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Joe the Plumber in bid to become Joe the Congressman

October 10, 2011|By Kim Geiger
  • Joe Wurzelbacher, better known as Joe the Plumber, watches a 2008 presidential debate in his home in King Holland, Ohio. He is now planning to run for Congress.
Joe Wurzelbacher, better known as Joe the Plumber, watches a 2008 presidential… (Lori King Holland / Blade…)

Joe the Plumber has tried his hand at a variety of professions since his launch to fame during the 2008 presidential election.

He’s written a book, traveled to Israel as a war correspondent, delivered motivational speeches and appeared in commercials reminding consumers about the conversion from analog TV to digital.   

Now, the former plumber, Samuel “Joe” Wurzelbacher, is running for Congress.

Wurzelbacher filed paperwork last week with the Federal Election Commission, stating his intention to run as a Republican candidate in Ohio’s 9th Congressional District.

That district was already poised for an interesting primary campaign after the Republican state Legislature redrew district boundaries, pitting two longtime Democrats against one another.

The new boundaries – drawn after Ohio lost two of its 18 House seats due to slow population growth -- split the city of Toledo between three districts.  The 9th district, which has been represented by Democrat Marcy Kaptur since 1983, will extend east from Toledo all the way to Cleveland.

The move pushed Kaptur and Dennis Kucinich – who represents the Cleveland suburbs in what is currently the 10th district -- into a single district, forcing a primary battle between the two Democrats.

In the Republican primary, Wurzelbacher will face Cuyahoga County Republican Chairman Rob Frost and technology executive Tom Guarente.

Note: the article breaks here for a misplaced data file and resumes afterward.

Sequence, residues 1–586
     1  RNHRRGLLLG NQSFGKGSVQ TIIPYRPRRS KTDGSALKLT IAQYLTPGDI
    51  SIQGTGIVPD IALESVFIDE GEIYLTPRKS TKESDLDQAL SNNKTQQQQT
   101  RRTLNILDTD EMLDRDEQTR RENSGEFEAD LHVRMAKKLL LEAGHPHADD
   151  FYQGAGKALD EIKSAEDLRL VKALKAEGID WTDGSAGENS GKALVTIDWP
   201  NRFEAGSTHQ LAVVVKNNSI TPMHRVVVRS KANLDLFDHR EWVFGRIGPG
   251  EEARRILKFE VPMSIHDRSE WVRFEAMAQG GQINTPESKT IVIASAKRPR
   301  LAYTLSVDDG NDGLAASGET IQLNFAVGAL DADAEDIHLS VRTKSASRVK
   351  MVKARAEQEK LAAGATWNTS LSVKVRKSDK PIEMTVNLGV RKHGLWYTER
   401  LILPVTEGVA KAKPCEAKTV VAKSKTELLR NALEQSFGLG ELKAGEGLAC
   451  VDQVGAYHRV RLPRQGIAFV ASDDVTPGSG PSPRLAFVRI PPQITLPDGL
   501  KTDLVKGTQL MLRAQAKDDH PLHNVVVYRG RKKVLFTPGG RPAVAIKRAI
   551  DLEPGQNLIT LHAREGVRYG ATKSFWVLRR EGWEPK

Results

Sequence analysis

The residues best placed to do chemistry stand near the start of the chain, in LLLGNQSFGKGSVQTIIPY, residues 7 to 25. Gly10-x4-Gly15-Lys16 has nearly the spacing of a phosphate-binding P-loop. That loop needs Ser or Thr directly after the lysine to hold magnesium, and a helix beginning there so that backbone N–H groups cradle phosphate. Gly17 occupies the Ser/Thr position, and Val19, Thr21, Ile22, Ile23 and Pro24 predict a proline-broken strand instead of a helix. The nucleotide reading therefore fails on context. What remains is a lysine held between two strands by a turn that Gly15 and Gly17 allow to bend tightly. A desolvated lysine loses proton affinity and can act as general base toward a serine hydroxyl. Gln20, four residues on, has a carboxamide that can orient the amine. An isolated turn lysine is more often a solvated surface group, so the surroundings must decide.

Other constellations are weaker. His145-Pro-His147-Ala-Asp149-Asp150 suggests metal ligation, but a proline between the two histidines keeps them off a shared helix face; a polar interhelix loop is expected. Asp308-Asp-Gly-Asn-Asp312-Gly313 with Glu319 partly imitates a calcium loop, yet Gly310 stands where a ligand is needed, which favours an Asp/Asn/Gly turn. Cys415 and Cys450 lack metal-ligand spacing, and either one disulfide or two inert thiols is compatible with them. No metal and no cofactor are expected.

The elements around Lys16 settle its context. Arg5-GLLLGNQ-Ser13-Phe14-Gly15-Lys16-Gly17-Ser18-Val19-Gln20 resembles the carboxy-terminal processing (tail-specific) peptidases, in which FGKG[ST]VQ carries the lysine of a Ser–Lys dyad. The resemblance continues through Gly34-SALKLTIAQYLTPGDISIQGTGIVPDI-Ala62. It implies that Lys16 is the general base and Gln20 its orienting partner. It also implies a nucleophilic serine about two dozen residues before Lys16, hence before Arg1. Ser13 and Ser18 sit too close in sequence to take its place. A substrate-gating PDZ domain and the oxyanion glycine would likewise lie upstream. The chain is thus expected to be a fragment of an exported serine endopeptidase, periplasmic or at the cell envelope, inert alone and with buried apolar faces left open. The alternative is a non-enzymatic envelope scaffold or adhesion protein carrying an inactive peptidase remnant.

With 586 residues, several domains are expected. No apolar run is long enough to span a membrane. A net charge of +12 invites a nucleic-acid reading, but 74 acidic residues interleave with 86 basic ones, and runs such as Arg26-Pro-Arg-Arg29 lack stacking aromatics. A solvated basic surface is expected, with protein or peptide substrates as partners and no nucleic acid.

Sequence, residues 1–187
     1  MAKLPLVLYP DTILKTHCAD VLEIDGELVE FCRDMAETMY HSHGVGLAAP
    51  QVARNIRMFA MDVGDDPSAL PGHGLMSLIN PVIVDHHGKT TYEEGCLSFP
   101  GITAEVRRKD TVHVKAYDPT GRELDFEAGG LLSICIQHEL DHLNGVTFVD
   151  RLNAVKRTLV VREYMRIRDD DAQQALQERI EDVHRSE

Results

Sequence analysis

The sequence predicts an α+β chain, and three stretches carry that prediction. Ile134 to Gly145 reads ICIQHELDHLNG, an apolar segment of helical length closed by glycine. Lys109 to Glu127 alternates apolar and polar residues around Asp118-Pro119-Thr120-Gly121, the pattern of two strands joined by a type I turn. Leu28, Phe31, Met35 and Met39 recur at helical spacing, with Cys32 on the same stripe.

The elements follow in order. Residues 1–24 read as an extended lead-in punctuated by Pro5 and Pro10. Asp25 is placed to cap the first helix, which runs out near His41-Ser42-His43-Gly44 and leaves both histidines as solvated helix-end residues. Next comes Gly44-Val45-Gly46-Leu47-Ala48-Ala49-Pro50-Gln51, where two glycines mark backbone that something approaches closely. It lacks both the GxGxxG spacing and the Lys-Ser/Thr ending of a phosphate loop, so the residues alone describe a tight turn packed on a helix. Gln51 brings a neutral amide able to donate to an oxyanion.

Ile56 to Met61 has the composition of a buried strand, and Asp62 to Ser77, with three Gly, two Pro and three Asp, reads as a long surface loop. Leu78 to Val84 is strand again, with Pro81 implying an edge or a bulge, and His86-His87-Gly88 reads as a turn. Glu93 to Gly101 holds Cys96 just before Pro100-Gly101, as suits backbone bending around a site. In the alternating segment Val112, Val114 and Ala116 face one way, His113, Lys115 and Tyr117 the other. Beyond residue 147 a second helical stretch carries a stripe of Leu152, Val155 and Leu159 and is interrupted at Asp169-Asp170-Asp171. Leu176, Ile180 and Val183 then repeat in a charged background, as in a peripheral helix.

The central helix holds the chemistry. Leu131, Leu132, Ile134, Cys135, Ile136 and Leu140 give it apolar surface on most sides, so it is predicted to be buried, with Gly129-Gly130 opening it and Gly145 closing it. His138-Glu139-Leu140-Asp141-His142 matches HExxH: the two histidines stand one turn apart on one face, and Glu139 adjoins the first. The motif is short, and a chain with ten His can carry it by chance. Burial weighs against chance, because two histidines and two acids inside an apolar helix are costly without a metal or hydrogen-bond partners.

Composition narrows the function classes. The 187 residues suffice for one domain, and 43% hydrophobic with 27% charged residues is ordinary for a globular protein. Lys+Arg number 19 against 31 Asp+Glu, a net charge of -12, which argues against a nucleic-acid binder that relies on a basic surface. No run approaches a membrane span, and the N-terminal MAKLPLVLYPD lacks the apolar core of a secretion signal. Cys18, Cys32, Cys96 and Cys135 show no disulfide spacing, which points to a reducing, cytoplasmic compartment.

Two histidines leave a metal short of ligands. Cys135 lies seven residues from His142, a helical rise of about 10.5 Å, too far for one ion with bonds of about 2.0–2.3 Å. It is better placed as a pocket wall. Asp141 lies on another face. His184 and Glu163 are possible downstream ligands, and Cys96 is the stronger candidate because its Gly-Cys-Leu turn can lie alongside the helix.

Wurzelbacher first hit the national spotlight in the final weeks of the 2008 presidential campaign when he challenged then-Sen. Barack Obama at a campaign event about Obama’s plan to raise taxes on those who earn more than $250,000 a year.

"I'm getting ready to buy a company that makes $250 to $280,000 a year,” Wurzelbacher said. “Your new tax plan's going to tax me more, isn't it?"

Obama’s response – “I think when you spread the wealth around, it’s good for everybody” – became an instant sound byte for his opponents.  (Three years later, Obama is still trying for that tax increase, but Wurzelbacher has shelved his plans to buy the plumbing business.)

The exchange was picked up by Sen. John McCain, the Republican nominee, who dubbed Wurzelbacher “Joe the Plumber” and referred to him repeatedly for the rest of the campaign.

The media scrutiny that comes with the spotlight quickly revealed that Wurzelbacher was actually an unlicensed plumber with unpaid back taxes.

At the time, Wurzelbacher called himself a “flash in the pan…a novelty,” and predicted that his newfound fame would “be fun for a couple days, and then it’s going to go away.”

kim.geiger@latimes.com

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